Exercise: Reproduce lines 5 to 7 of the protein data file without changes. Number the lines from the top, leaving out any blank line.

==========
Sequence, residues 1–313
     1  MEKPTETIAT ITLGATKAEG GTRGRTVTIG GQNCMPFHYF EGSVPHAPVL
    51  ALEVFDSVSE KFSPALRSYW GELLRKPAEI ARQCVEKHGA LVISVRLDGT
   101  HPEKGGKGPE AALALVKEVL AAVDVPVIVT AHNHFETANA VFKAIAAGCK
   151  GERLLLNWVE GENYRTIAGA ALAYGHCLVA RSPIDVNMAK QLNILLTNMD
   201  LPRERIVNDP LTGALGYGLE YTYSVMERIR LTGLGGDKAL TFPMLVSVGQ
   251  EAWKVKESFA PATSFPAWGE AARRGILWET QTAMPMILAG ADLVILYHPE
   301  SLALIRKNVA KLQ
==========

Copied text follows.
   151  GERLLLNWVE GENYRTIAGA ALAYGHCLVA RSPIDVNMAK QLNILLTNMD
   201  LPRERIVNDP LTGALGYGLE YTYSVMERIR LTGLGGDKAL TFPMLVSVGQ
   251  EAWKVKESFA PATSFPAWGE AARRGILWET QTAMPMILAG ADLVILYHPE